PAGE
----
1 Spadina Crescent
There is a room, around 12 by 20 feet, 15-foot ceilings, well-worn hardwood floors. Four hanging receptacles house fluorescent lighting but I never turn them on; the 2 south facing windows provide just enough light. Three doors connect it to 3 different hallways. One door has a removable wooden panel; perhaps it once acted as an information window, now closed.
The room is painted a very pale tint of celery green.
But once it was a rich deep cerulean blue.
When I first encountered this room, I used it to mount a small exhibition of my paintings for a critique. In several places, the pale green paint had cracked and lifted, revealing the vibrant blue-stained plaster beyond the surface.
Over decades, moisture has seeped from the rooftop, downwards, between plaster and lathe and flooring, following any available opening, making its way to the east wall of this room.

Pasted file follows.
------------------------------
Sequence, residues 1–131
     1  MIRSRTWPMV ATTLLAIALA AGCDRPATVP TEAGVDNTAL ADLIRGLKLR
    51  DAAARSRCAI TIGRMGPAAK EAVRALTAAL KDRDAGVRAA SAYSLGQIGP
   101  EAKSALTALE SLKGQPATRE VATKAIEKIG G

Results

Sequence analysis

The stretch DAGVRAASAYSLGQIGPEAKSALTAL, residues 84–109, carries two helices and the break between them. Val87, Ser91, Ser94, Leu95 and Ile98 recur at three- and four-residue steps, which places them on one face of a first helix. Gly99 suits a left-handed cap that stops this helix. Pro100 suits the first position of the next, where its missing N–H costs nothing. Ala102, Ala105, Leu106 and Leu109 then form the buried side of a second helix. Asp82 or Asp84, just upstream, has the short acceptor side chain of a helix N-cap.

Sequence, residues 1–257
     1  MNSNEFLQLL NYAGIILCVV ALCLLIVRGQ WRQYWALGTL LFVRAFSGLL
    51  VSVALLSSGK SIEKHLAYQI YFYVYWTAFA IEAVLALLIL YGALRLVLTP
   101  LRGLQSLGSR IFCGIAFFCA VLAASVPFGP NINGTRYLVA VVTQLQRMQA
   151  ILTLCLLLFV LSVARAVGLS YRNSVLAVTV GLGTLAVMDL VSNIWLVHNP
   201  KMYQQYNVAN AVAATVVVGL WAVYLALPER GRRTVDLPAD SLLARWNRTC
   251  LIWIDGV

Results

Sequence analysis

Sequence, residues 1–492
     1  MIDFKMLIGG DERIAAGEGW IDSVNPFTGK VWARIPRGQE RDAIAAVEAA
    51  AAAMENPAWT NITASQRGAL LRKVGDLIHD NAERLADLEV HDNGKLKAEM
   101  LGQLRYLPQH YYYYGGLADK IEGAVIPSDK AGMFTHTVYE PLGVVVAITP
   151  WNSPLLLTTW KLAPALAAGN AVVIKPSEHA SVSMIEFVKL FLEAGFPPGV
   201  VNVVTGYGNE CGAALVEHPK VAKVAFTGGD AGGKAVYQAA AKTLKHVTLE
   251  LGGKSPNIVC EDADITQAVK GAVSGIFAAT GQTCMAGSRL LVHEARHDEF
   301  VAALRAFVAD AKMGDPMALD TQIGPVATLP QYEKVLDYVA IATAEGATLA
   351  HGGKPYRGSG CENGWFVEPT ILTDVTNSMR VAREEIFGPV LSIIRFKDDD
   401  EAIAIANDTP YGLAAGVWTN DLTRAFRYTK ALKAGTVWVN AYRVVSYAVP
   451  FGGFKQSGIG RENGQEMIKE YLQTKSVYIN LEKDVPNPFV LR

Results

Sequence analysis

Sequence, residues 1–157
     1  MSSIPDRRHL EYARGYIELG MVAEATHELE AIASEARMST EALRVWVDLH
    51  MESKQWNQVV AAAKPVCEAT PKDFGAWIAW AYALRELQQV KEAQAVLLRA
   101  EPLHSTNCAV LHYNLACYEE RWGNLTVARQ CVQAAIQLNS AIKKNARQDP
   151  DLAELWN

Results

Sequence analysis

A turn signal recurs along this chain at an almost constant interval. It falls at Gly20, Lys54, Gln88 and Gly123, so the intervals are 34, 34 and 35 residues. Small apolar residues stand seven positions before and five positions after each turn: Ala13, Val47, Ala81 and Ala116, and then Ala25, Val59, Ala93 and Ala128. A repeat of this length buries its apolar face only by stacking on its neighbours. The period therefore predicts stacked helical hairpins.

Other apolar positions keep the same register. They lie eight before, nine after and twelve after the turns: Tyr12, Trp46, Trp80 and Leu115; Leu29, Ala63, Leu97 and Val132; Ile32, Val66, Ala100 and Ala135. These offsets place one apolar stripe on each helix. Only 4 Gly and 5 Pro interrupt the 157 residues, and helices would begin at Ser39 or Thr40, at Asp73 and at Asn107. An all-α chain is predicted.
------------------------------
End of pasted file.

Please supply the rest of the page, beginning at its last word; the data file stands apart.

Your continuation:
After the critique, I peeled away the most obvious loose curls of paint, revealing dagger-like shapes of brilliant blue, like sky through tree. I became aware that the whole surface, from baseboard to ceiling was covered with cracks. So I found the highest ladder in the building, a metal scraper and some goggles and set to picking off all the loose paint. Only the paint that was easily dislodged was removed; overly vigorous scraping would remove too much of the delicate tracery being revealed.
Surface tension results in a very consistent patterning. This looks like mud flats, river beds, wrinkle patterns in skin, mysterious text, mathematical equations.
This work is a collaboration between the architecture, the passage of time, water, gravity, the painters, the paint, and me.
My job was to complete it.
Postscript: in the days following the “completion” of the work, it was very warm and humid…and the paint began to lift at the edges of the peeled areas. This is ongoing, and theoretically it will only end when all of the topcoat is removed or yet another skin of paint is added: transient intransigence.